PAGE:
Friday, 5 October 2012

Royal Society Fellowship

I won’t lie - the past twelve months have been stressful.  Not only have we had our noses to the grindstone preparing proposals for ESA’s next mission to Jupiter (JUICE), but we’ve also had a flood of data from Cassini and ground-based facilities concerning variability and seasonal processes on all of the giant planets in our solar system.  This was compounded by having to write multiple proposals to funding agencies to try to make sure that my job here in Oxford was secure for the next few years, as my Glasstone Science Fellowship (see my blog entry here) is now coming to an end after three years.

Proposal writing involves reading and re-reading the same motivational/technical text over and over again until you can see the words in your sleep.  Putting together a case for support that not only convinces yourself, but also your reviewers, that this science is timely and worth spending a lifetime on, is no small task. Then comes the lightning-fast interview, with suit and tie facing a large panel of experts looking to see what you’re made of; what your motivations are; and whether you have a future in this field.  So after all this, it’s all-the-sweeter to be finally featured on someone’s list of awarded fellowships, and possibly the most prestigious of them all:  The Royal Society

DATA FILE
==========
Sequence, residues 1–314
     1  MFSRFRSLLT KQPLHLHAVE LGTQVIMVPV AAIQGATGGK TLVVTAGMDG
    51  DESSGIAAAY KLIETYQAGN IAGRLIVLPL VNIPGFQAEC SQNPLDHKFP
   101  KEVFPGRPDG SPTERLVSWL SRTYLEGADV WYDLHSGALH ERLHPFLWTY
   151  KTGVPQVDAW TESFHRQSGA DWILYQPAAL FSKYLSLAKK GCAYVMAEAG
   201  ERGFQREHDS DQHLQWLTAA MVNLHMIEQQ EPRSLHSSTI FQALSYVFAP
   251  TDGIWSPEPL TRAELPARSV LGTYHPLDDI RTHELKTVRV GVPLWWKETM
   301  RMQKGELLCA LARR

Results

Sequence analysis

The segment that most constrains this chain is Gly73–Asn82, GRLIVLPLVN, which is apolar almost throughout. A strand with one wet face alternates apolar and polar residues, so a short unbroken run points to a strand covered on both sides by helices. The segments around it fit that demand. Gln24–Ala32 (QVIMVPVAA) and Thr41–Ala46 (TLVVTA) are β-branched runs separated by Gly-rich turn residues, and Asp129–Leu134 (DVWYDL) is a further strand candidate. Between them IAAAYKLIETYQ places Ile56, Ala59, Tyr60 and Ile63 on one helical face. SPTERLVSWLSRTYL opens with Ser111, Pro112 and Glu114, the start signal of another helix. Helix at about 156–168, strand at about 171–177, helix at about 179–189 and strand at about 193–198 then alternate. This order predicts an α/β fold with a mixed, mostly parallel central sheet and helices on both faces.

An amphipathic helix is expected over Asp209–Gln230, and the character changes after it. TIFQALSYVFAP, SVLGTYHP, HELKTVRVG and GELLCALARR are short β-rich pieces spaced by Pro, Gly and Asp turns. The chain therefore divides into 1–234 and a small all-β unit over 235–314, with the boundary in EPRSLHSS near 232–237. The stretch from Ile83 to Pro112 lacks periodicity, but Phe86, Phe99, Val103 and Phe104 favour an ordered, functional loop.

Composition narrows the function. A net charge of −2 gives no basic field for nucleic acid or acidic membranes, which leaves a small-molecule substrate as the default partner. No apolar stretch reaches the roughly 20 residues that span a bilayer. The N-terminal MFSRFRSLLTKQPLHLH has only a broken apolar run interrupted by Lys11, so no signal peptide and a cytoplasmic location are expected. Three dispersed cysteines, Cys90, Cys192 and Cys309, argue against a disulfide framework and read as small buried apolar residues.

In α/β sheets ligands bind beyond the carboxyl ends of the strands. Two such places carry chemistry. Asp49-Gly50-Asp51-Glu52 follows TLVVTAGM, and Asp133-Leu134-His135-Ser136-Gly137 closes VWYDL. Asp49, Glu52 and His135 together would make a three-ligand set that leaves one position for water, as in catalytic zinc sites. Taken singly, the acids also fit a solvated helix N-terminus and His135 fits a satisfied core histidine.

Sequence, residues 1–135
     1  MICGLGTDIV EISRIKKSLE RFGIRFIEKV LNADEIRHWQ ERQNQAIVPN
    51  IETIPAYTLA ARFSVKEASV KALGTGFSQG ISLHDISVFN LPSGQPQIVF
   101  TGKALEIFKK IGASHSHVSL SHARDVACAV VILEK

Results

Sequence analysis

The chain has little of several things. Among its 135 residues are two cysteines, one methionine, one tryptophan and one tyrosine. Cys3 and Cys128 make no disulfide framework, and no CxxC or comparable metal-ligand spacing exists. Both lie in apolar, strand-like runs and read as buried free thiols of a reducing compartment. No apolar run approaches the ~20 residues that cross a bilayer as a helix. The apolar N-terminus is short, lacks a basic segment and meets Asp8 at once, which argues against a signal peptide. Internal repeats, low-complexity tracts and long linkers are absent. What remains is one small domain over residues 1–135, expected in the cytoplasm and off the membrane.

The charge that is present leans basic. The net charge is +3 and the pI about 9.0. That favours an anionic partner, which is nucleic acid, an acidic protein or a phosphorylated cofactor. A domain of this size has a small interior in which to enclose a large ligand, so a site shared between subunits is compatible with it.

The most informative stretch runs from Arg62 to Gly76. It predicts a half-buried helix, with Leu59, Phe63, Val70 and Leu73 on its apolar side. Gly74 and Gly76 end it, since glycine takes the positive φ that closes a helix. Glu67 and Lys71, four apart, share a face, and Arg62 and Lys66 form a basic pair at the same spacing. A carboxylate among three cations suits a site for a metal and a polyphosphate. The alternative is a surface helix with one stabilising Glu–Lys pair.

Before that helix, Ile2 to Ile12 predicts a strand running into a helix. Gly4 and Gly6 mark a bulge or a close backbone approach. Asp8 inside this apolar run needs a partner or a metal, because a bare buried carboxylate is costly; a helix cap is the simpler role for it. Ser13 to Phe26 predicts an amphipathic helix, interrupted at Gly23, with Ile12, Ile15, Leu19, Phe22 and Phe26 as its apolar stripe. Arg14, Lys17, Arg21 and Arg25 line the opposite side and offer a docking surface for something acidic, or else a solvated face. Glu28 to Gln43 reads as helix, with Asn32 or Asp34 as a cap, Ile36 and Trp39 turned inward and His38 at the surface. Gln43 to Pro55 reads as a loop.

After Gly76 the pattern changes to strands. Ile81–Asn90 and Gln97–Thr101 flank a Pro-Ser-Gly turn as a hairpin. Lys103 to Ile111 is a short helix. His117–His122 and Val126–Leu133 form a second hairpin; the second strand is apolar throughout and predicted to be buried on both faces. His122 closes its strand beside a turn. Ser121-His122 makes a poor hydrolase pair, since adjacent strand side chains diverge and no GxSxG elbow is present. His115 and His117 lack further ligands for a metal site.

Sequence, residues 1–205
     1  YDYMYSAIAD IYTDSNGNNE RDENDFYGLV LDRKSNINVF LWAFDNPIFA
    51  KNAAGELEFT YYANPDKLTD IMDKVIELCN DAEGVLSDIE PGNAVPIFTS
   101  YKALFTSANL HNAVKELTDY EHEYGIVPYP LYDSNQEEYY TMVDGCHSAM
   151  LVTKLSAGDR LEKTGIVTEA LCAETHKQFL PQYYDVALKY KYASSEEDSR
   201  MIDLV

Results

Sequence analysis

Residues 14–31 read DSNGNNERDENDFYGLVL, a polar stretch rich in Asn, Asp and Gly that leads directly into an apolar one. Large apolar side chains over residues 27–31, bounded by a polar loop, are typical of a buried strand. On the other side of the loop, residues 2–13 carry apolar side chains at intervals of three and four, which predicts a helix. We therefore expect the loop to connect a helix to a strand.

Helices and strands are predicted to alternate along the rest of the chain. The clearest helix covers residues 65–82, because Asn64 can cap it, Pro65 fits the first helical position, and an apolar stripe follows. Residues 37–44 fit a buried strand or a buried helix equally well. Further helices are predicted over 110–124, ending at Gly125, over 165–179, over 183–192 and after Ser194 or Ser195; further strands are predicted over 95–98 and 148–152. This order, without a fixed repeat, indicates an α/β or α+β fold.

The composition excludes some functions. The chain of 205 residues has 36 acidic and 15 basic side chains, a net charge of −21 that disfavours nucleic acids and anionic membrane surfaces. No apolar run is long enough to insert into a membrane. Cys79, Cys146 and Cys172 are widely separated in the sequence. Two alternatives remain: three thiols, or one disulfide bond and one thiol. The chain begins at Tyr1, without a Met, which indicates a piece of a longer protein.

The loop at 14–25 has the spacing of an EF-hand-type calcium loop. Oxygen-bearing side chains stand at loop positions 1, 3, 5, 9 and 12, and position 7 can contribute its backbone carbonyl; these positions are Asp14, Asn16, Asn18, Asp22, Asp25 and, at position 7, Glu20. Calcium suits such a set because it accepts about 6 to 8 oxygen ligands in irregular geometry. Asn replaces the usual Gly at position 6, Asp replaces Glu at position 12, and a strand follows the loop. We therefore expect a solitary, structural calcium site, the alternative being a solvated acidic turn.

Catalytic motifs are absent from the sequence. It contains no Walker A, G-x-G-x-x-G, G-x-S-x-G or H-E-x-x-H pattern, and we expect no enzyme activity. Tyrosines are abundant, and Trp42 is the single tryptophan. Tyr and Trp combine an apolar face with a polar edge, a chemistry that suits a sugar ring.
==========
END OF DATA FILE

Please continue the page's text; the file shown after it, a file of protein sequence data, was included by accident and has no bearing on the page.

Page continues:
Royal Society announces prestigious University Research Fellowships for 2012

I am one of 36 new research fellows appointed by the society this year, in fields as diverse as particle physics, cellular biology, ecology and quantum chemistry.  My own research area concerns (yep, you guessed it) the exploration of giant planets, both in our solar system and beyond, specifically looking at seasonal and other time-varying atmospheric phenomena, as well as compositional constraints on the origins and evolution of these planets.  I’m also delighted to say that I’ll remain as a Fellow of University College, Oxford, who were kind enough to offer me a Junior Research Fellowship when I received by Glasstone fellowship in 2009.  

So after months of proposals and interviews, I’m happy to say that you’ll all have to put up with me for a little while longer, as I get to continue studying the solar system from the safe environs of the dreaming spires.

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